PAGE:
So if it’s not a peace plan, what is it? When you look at this deal honestly, it’s clear that this extremist proposal empowers Israel’s government to illegally annex major parts of Palestinian land in the West Bank.
Conservatives are not discriminated against in the same vein as other marginalized groups.
By excluding Palestinian voices, Jewish institutions get to pretend that Palestinians don’t exist.
Our record of organizing to stop these unjust demolitions shows that when we exercise our power and express our solidarity in unison, our voices can bring about change. Now more than ever, we must keep organizing and redouble our efforts.
While the current situation between Israel and Palestine seems to be a modern singularity, it is, in fact, the culmination of thousands of years of methodic anti-Semitism.
May 15 this year marks the 70th anniversary of the beginning of the Nakba (the Arabic word for catastrophe).
As students at Washington University and leaders of the pro-Israel, pro-peace, anti-occupation organization J Street U, we strongly appreciate Congressman William Lacy Clay’s record as a longtime supporter of a two-state solution to the Israeli-Palestinian conflict, and for human rights for all people in the region.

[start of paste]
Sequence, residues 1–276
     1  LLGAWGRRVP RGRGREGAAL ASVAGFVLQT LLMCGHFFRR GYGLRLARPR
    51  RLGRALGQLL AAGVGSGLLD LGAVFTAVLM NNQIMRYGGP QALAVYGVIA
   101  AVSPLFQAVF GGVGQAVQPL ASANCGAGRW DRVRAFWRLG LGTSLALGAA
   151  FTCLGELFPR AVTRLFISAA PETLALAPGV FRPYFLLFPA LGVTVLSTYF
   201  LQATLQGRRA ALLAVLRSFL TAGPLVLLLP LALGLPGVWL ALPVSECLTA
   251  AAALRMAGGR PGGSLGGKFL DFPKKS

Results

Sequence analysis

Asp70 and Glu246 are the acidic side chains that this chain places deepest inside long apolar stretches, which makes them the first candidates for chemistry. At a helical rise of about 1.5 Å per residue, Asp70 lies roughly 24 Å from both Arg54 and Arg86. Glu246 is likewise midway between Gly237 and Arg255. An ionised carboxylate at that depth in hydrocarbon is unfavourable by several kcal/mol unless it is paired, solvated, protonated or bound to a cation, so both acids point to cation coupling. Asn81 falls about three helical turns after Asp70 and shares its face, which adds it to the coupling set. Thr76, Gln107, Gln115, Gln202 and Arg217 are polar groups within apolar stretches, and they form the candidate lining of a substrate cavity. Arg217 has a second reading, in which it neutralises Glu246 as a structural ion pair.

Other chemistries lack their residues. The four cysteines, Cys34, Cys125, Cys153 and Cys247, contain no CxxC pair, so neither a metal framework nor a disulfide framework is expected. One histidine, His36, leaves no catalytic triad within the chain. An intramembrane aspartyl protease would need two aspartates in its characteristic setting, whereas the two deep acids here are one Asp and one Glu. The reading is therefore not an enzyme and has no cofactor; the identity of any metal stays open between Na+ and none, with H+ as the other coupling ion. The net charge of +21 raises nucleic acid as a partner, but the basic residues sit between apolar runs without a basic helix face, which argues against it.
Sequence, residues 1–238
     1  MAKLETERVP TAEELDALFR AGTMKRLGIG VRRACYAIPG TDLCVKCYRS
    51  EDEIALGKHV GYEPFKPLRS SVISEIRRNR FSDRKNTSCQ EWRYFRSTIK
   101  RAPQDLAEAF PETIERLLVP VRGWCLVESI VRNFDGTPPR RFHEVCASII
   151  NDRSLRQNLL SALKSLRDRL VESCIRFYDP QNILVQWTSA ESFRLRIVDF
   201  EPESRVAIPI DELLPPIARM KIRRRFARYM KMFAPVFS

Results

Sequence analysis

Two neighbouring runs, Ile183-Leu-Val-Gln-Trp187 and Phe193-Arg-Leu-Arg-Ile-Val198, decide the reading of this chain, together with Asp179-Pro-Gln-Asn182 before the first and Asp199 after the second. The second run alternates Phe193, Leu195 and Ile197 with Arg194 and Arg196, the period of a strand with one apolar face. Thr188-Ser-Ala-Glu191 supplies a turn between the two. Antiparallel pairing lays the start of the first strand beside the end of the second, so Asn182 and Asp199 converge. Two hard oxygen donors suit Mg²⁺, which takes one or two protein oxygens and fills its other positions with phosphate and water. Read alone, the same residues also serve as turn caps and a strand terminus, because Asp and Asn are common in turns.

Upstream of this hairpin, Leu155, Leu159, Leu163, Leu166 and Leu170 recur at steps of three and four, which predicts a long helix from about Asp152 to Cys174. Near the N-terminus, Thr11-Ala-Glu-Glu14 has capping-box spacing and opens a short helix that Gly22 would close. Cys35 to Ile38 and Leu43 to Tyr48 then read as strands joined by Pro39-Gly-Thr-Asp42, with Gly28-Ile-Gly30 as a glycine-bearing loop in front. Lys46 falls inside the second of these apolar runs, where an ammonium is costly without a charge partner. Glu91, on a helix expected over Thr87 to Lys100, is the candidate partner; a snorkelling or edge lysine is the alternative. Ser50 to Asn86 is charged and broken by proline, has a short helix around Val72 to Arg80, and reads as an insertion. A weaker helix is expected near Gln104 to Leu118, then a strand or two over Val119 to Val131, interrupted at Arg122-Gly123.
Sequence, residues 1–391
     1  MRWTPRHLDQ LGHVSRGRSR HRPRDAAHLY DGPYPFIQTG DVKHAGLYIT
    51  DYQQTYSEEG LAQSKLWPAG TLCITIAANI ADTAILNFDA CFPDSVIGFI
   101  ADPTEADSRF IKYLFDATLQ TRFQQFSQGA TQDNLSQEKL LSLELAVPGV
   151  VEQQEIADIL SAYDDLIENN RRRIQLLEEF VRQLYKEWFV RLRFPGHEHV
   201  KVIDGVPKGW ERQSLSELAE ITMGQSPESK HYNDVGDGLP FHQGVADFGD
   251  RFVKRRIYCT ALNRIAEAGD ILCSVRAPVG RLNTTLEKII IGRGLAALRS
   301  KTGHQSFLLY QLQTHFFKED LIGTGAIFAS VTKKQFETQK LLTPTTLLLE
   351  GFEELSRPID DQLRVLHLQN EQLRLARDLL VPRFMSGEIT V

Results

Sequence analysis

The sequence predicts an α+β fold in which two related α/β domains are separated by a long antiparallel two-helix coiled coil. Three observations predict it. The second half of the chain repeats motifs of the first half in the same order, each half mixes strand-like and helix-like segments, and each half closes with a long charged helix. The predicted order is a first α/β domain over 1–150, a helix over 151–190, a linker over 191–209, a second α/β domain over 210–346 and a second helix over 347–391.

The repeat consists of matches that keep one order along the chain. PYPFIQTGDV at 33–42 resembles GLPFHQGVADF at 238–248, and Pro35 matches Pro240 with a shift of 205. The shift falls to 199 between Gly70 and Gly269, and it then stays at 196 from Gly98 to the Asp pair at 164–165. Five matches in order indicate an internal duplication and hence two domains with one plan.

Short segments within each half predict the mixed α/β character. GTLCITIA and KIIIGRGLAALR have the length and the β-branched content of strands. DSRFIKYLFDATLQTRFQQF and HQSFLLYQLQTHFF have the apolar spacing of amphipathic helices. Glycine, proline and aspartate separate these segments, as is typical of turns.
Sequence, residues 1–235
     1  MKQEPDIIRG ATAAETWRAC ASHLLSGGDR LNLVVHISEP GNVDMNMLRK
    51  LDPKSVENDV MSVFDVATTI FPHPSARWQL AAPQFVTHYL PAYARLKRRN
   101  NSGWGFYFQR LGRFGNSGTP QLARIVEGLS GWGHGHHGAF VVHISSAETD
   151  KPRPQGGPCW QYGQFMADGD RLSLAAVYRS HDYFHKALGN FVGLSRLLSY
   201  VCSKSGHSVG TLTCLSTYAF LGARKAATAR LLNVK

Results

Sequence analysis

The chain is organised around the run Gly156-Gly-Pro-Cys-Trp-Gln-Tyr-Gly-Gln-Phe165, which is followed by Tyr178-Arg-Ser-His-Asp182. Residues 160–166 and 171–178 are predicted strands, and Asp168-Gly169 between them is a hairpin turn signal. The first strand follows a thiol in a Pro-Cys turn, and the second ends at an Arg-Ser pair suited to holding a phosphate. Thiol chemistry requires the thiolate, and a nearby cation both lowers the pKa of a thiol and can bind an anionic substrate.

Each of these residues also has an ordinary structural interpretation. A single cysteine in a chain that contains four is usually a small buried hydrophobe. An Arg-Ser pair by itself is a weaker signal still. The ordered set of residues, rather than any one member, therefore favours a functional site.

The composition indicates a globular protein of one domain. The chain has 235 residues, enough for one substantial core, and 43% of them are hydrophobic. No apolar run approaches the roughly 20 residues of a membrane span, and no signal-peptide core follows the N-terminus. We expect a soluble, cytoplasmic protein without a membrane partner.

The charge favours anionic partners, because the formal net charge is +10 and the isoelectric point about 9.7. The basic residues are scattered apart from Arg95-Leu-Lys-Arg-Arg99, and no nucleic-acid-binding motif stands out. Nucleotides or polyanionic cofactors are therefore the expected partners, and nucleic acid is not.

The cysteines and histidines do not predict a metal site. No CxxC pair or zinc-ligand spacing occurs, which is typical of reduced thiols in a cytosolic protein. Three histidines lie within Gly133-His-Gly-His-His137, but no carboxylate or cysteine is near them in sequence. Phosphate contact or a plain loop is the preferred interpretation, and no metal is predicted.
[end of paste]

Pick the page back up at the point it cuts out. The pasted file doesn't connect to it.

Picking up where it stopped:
It’s remarkable that Israel has achieved peace with neighbors who originally vowed never to recognize it as a country, yet heartbreaking that peace negotiations with the Palestinians have repeatedly failed.
When I first came to college, I had never heard of Susya. You likely haven’t either. Susya is a village of about 350 Palestinians living in the West Bank, specifically in the South Hebron Hills. On Feb. 1, Israel’s High Court ordered the demolition of seven structures in this village, which means over 40 of […]
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